AI and Drone technology deployed to study melting glaciers
University of Aberystwyth works with Microsoft to bring next-gen technology into the fight against climate change.
Dr Joseph Cook of Aberystwyth University, Wales, is developing an AI and drone technology to track the melting of glaciers. It is common knowledge that glaciers are melting at an exponential rate; however, this effect is not experienced uniformly across the world as temperature fluctuations vary from country to country. Parts of Canada are finding temperatures rise twice as fast as the global average, with glaciers in the British Colombia area releasing 22bn cubic metres of water each year.
Dr Cook is looking to monitor microscopic organisms that endure the punishing conditions in the Arctic, in the hope of discovering a relationship between the melting icecaps and the microscopic life prevalent in the region.
Using drone technology, Dr Cook’s team were able to map the algae coverage of a 200m x 200m patch of its testing site.
“We trained an algorithm to read our field spectroscopy data and classify the ice surface into discrete categories. We then trained it using satellite imagery and used this to examine an area measuring 100 kilometres by 100 kilometres. The estimates of algal coverage this provided gave us data we could use to estimate the amount of melting that could be attributed to the algae,” explains Dr Cook.
The research is being conducted as part of the Microsoft AI for Earth grant. The grant puts “Microsoft cloud and AI tools in the hands of those working to solve global environmental challenges,” according to Microsoft’s website.
The fight against climate change has taken to AI as a powerful tool to conduct essential research and to support those looking to be the catalyst for change. AI has created more accurate climate models, helped ecologists track threatened wild animals by matching distinguishing markings and aided policy makers in understanding the factors involved in climate change.
AI has allowed scientists across the world to perform research and data analysis that could have taken considerable time under analogue methods. With AI, this can be reduced to mere minutes in some examples. The solution to climate change is still something that may take years to reach but by bringing in innovative technology to perform tasks normally out of human reach, scientists can drive progress forward. With individuals like Dr Cook battling the rising challenges facing our environment, we can begin to understand the consequences we have forced on our planet and how we can fix them before it’s too late.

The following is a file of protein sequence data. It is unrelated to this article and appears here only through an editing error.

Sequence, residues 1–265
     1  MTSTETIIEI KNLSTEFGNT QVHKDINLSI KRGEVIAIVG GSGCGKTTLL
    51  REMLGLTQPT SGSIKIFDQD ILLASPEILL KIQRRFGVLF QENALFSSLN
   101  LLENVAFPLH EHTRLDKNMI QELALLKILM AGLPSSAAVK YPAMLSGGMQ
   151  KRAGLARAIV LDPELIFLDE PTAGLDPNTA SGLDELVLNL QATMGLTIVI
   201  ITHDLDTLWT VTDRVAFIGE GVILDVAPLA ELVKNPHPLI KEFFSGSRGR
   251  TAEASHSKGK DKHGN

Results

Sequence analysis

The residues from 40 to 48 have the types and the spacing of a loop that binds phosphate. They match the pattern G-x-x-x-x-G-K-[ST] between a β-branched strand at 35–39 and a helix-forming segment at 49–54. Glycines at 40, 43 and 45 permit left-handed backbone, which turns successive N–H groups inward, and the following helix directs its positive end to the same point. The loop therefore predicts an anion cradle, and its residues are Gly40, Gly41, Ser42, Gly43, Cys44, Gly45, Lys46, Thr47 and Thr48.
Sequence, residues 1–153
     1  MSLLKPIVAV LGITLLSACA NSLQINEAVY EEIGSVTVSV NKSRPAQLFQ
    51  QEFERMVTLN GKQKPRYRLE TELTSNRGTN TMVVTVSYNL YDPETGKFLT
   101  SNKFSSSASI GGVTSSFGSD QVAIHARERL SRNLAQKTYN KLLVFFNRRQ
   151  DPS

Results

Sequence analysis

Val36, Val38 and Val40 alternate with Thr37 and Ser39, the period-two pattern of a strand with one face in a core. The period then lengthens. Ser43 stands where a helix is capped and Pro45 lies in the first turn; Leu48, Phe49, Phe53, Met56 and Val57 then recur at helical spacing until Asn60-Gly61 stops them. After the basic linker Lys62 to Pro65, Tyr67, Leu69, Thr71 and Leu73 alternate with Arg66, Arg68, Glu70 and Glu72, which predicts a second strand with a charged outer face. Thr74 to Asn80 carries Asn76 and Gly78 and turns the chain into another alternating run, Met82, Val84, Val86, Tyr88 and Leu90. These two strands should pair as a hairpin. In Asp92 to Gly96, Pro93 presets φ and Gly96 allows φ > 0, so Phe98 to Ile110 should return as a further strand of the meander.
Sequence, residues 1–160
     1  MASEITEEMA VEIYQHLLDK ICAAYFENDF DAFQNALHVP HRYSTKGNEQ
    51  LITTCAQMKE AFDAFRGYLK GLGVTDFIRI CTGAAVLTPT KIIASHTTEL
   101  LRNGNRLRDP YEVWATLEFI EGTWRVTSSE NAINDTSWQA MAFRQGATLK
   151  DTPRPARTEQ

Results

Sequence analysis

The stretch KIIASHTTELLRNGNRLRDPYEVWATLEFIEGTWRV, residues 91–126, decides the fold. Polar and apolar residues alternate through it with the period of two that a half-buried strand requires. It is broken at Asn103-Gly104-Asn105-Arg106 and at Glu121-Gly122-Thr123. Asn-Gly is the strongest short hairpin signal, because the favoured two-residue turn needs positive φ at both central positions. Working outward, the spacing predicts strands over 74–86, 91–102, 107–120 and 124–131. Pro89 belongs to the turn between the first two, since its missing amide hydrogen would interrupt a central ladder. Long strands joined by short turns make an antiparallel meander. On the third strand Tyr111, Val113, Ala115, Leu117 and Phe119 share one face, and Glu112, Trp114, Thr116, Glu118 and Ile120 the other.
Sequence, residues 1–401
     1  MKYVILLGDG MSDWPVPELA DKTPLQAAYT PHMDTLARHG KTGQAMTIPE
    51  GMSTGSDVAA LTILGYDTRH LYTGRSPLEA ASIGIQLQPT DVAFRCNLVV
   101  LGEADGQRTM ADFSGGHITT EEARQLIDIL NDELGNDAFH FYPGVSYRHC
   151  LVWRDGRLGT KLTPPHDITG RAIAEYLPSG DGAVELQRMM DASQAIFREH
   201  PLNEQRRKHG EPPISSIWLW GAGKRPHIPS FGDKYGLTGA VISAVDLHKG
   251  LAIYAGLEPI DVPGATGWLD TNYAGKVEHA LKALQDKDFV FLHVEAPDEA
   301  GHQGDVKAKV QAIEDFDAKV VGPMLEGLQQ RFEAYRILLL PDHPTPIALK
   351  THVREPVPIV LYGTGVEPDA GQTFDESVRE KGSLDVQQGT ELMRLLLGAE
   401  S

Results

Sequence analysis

How innovation is transforming government
According to Washington Technology’s Top 100 list, Leidos is the largest IT provider to the government. But as Lieutenant General William J. Bender explains, “that barely scratches the surface” of the company’s portfolio and drive for innovation.
Bender, who spent three and a half decades in the military, including a stint as the U.S. Air Force’s Chief Information Officer (CIO), has seen action in the field and in technology during that time, and it runs in the family. Bender’s son is an F-16 instructor pilot. So it stands to reason Bender Senior intends to ensure a thriving technological base for the U.S. Air Force. “What we’re really doing here is transforming the federal government from the industrial age into the information age and doing it hand-in-hand with industry,” he says.
The significant changes that have taken place in the wider technology world are precisely the capabilities Leidos is trying to pilot the U.S. Air Force through. It boils down to developing cyberspace as a new domain of battle, globally connected and constantly challenged by the threat of cybersecurity attacks.
“We recognize the importance of the U.S. Air Force’s missions,” says Bender, “and making sure they achieve those missions. We sit side-by-side with the air combat command, intelligence surveillance, and reconnaissance infrastructure across the Air Force. There are multiple large programs where the Air Force is partnering with Leidos to ensure their mission is successfully accomplished 24/7/365. In this company, we’re all in on making sure there’s no drop in capability.”
That partnership relies on a shared understanding of delivering successful national security outcomes, really understanding the mission at hand, and Leidos’ long-standing relationship of over 50 years with the federal government.
To look at where technology is going, Bender thinks it is important to look back at the last 10 to 15 years. “What we’ve seen is a complete shift in how technology gets developed,” he says. “It used to be that the government invested aggressively in research and development, and some of those technologies, once they were launched in a military context, would find their way into the commercial space. That has shifted almost a hundred percent now, where the bulk of the research and development dollars and the development of tech-explicit technologies takes place in the commercial sector.”
“There’s a long-standing desire to adopt commercial technology into defense applications, but it’s had a hard time crossing the ‘valley of death’ [government slang for commercial technologies and partnerships that fail to effectively transition into government missions]. Increasingly we’re able to do that. We need to look at open architectures and open systems for a true plug-and-play capability. Instead of buying it now and trying to guess what it’s going to be used for 12 years from now, it should be evolving iteratively.”